CP-2429 B727 loses all power crash lands in Bolivia..Photos


#1

Bolivian Plane Crash Lands In Forest
Charter Jet Loses Power, Makes Emergency Landing In Bolivia; Injuries,
no fatalities.

LA PAZ, Bolivia, Feb. 1, 2008

(AP) A charter jet flown by airline Lloyd Aereo Boliviano was forced to make an emergency landing Friday in a flooded forest outside the eastern lowland city of Trinidad.

No one was killed, according to the airline’s regional manager in Trinidad, Patricia Aruz. But local news media said several passengers were taken to a nearby hospital for injuries.

Survivors interviewed by local radio stations said the plane first lost power and suffered serious damage when it landed.

“We noticed the engines went out, and there was this calm,” said Paolo Bravo, a Bolivian senator who survived the crash, in an interview with the radio network Erbol.

"Then they told us, ‘Crash positions! crash positions!’ and it was just another two or three seconds before we hit …

“The plane fell, the wings broke off, but the fuselage was OK,” he said.

The plane was turned away by fierce storms at its destination - the northern city of Cobija - and then headed south to Trinidad, some 370 miles away. The plane then lost power a few miles short of the runway.

LAB, Bolivia’s former state airline, was privatized in 1996 but has been in and out of bankruptcy in recent years. The company now runs a skeleton fleet of only a handful of planes on a charter basis only.


#2

Note that this occurred near the Bolivian city of Trinidad, not the Caribbean island of Trinidad.

LAB currently only has 2 aircraft in its active fleet (both 727-200’s). Though they intend to get the fleet back up to 6 and restore scheduled operations in March. However, I imagine that this may put a hold on that and may be the end of the company.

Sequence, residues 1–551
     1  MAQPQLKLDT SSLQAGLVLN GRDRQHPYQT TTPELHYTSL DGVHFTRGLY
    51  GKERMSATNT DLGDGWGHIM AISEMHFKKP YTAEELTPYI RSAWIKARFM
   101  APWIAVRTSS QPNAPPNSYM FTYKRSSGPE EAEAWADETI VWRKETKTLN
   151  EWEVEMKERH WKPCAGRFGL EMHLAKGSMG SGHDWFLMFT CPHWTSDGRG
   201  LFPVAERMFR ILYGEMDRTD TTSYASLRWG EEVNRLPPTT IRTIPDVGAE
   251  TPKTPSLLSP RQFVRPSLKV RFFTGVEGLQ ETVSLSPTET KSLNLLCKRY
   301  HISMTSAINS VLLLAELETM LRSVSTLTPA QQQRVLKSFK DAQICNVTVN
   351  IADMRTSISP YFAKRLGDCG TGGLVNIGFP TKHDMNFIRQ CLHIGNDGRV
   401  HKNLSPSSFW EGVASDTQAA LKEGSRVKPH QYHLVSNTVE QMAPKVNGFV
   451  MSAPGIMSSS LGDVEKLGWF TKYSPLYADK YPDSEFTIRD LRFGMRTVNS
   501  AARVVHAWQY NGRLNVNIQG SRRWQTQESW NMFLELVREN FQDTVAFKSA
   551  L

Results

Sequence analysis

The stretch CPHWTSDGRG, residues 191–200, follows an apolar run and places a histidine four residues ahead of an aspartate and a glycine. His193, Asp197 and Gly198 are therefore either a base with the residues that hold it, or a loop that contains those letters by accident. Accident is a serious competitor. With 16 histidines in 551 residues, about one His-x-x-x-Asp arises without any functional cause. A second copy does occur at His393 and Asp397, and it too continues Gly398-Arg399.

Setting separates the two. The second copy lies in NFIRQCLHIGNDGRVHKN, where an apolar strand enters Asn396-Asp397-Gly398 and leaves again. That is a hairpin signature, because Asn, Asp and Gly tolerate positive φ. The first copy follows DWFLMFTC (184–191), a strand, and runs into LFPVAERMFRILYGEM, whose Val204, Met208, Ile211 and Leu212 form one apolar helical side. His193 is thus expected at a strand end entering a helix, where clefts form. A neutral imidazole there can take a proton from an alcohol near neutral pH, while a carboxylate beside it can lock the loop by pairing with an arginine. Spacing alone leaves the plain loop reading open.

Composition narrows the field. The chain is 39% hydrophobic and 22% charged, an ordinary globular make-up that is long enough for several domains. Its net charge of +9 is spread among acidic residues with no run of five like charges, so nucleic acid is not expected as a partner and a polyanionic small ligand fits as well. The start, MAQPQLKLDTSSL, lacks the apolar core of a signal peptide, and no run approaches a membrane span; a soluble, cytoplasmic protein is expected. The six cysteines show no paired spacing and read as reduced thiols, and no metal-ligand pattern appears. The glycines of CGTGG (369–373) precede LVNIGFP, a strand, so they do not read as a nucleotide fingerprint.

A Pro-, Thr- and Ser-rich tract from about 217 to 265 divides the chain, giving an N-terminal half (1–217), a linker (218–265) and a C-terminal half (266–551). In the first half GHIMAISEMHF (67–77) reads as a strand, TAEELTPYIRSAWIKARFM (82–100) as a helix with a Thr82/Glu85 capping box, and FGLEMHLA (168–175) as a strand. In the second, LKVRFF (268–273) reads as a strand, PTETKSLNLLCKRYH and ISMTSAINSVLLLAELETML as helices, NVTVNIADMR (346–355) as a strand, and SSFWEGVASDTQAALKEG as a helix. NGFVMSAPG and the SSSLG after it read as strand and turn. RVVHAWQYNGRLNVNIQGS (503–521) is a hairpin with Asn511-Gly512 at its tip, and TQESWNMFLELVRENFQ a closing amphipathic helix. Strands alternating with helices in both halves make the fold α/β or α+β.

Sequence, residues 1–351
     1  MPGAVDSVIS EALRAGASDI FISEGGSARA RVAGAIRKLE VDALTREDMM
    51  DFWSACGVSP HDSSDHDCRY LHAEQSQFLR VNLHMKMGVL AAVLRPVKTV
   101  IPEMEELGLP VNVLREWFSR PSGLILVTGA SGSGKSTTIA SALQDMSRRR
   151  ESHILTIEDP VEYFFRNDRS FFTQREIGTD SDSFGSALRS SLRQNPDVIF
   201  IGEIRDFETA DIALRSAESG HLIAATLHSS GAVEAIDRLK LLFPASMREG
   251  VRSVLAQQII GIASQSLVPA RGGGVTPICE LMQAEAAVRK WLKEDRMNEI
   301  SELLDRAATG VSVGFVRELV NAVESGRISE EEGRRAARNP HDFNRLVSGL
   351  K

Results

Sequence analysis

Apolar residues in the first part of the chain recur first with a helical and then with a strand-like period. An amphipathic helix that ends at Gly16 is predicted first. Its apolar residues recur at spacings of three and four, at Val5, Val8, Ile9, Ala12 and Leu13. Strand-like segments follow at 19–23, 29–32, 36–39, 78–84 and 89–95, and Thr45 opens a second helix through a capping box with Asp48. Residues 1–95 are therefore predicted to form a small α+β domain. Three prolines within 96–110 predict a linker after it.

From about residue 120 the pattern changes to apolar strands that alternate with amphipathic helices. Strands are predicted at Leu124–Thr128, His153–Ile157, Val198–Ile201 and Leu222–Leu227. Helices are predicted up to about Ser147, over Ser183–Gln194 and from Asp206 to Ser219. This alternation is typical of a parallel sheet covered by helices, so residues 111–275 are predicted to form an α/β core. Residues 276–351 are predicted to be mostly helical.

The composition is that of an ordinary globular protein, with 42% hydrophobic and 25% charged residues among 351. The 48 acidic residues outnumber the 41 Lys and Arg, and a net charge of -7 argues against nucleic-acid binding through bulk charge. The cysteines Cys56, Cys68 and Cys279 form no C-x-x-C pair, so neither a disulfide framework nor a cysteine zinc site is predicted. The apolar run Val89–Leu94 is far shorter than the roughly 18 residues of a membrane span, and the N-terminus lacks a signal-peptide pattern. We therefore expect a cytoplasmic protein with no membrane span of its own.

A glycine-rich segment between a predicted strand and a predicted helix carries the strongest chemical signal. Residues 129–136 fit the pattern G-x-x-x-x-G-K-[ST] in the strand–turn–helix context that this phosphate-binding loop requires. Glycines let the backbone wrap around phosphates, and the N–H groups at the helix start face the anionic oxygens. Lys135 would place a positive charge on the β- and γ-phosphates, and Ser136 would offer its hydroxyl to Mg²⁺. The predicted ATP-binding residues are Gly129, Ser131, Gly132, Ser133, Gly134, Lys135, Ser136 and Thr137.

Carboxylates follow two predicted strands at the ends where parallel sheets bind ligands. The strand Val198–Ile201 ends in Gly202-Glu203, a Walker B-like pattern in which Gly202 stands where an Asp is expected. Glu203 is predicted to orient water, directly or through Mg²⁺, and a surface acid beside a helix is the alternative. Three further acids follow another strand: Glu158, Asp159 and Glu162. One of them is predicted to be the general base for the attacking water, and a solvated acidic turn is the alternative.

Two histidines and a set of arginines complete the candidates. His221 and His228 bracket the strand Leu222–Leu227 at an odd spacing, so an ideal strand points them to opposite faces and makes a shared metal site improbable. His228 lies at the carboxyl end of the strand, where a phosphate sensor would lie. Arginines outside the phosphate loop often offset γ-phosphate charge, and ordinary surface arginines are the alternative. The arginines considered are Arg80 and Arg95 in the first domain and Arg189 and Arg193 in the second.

#3

Thanks, corrected to City of Trinidad, Country of Bolivia.

Apparently, early reports is the aircraft ran out of fuel, and crash landed in a field/forest 2 plus miles from the airport. Everybody survived!!!


Plane with more than 150 on board crash-lands in Bolivia,

DAN KEANE
Associated Press Writer
Local media photograph a Boeing 727, flown by Lloyd Aereo Boliviano airline, after it crashed near the eastern lowland city of Trinidad, Bolivia, Friday, Feb. 1, 2008. No deaths were reported. (AP Photo/ Arturo Mariscal)

Local media photograph a Boeing 727, flown by Lloyd Aereo Boliviano airline, after it crashed near the eastern lowland city of Trinidad, Bolivia, Friday, Feb. 1, 2008. No deaths were reported. (AP Photo/ Arturo Mariscal)

A passenger who survived a plane crash is transported on a stretcher near Trinidad, Bolivia, Friday, Feb. 1, 2008. A Boeing 727 flown by airline Lloyd Aereo Boliviano crashed on Friday and no deaths were reported.

LA PAZ, Bolivia A plane carrying more than 150 people crash-landed in a bog in eastern Bolivia on Friday after fierce storms turned it away from its destination and it tried to reach another airport hundreds of miles away, according to officials and news reports. All on board survived.

Photographs by local media showed the charter Boeing 727, flown by a local airline, in a flooded forest clearing, stripped of at least one wing. A set of landing gear was in the water nearby.

“We noticed the engines went out, and there was this calm,” Paolo Bravo, a Bolivian senator who was on board, told the radio network Erbol.

“Then they told us, ‘Crash positions! crash positions!’ and it was just another two or three seconds before we hit,” he said.

“I think you could call it a belly flop,” Bravo added. “The plane fell, the wings broke off, but the fuselage was OK.”

The plane took off from the Bolivian capital, La Paz, but severe storms forced it to turn away from its destination in the northern city of Cobija. It then headed some 370 miles south to the eastern lowland city of Trinidad and was three miles short of the runway when the pilot was forced to make an emergency landing.